• On the sidelines of the 55th African Union extraordinary summit, held in Niamey, Niger national and international leaders joined the “No to NTDs” movement to reduce the burden of neglected tropical diseases in sub-Saharan Africa.
  • The event provided attending leaders with a platform to assess the progress toward NTD elimination on the continent and learn from best practices for informed decisions on the creation of sustainable partnerships for universal health coverage.
  • Neglected Tropical Diseases (NTDs) are a diverse group of communicable diseases which affect more than 1.5 billion people worldwide, 39% of whom live in Africa.

African leaders dream of a continent free of Neglected Tropical Diseases (NTDs), which currently affects more than 1.5 billion people worldwide, and have taken the first step I eradicating the disease.

On the sidelines of the 55th African Union extraordinary summit, held in Niamey, Niger national and international leaders joined the “No to NTDs” movement to reduce the burden of neglected tropical diseases in sub-Saharan Africa.

First Lady of Niger, HE Mrs Aïssata Issoufou.

The high-level side event was convened as part of the African Union Summit, by policy and advocacy tank Speak Up Africa, in partnership with the Ministry of Health and First Lady of Niger, H.E Mrs. Aïssata Issoufou.

“After all progress, particularly in countries most heavily burdened with NTDs, depends on strong and consistent country leadership and regional coordination, to ensure that all people, particularly the most vulnerable and marginalized, have access to quality health services and NTD prevention methods.” said the First Lady.

The event provided attending leaders with a platform to assess the progress toward NTD elimination on the continent and learn from best practices for informed decisions on the creation of sustainable partnerships for universal health coverage.

Neglected Tropical Diseases (NTDs) are a diverse group of communicable diseases which affect more than 1.5 billion people worldwide, 39% of whom live in Africa. NTDs affect the most vulnerable members of society, and whilst there has been some progress in recent years, attendees at the event emphasized that failing to do more to fight NTDs now, including developing new tools and resources, will have significant consequences for future generations in Africa.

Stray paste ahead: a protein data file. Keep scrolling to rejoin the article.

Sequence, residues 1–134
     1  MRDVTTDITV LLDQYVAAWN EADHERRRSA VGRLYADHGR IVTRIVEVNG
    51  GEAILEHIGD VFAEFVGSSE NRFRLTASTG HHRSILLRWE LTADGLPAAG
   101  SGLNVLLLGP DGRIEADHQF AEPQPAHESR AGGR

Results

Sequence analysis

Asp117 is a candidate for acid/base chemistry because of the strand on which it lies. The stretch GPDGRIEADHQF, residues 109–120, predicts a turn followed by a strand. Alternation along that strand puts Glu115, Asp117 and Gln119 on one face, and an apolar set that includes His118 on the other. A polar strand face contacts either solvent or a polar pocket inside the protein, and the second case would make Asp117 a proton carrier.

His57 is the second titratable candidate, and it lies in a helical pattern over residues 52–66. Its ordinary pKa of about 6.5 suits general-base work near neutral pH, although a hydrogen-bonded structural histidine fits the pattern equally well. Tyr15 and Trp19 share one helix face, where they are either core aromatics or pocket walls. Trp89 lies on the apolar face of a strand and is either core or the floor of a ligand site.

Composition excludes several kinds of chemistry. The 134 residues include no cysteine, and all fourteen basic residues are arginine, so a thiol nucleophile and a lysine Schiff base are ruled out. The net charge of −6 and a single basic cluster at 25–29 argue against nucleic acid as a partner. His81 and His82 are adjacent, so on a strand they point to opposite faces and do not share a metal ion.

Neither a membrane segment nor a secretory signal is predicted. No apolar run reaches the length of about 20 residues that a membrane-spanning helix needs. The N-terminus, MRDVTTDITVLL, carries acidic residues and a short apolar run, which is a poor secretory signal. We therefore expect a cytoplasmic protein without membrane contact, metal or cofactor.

Neglected Tropical Diseases. (Science in the News (Harvard University)

In Niger, NTDs including lymphatic filariasis, schistosomiasis, soil-transmitted helminthiasis and trachoma are endemic. A highlight of the event was therefore the formal launch of a new monitoring and accountability tool to help better manage NTD prevention and treatment initiatives in Niger.

lymphatic filariasis. (Lepra)

Launched by the Government of Niger, the new NTD ‘scorecard’ will measure national and sub-national progress against NTDs, including the number of cases of these diseases reported in each region, the number of interventions supplied to prevent cases of NTDs, and the rate of treatment offered to those affected.

As we make progress in the fight against NTDs, the momentum presented by universal health coverage is a unique opportunity to harness our synergies to ensure that no one is left behind”. said Dr Matshidiso Rebecca Moeti, WHO Regional Director for Africa.

Dr Matshidiso Rebecca Moeti, WHO Regional Director for Africa. (Daily Guide)

Over 100 participants attended the event including H.E Mrs. Sika Kaboré, First Lady of Burkina Faso, H.E Mrs. Hinda Deby Itno, First Lady of Chad, H.E Mrs. Antoinette Sassou Nguesso, First Lady of Congo and current President of the Organization of African First Ladies for Development (OAFLAD), the Queen of ESwatini, Dr. Matshidiso Rebecca Moeti, WHO Regional Director for Africa, Dr. Abdourahmane Diallo, Executive Director of the RBM Partnership to End Malaria, Mrs. Joy Phumaphi, Executive Secretary of the African Leaders Malaria Alliance (ALMA), Dr. Idi Illiassou Mainassara, Minister of Health of Niger, Mrs. Françoise Vanni, External Relations Director of the Global Fund to Fight AIDS, Tuberculosis and Malaria.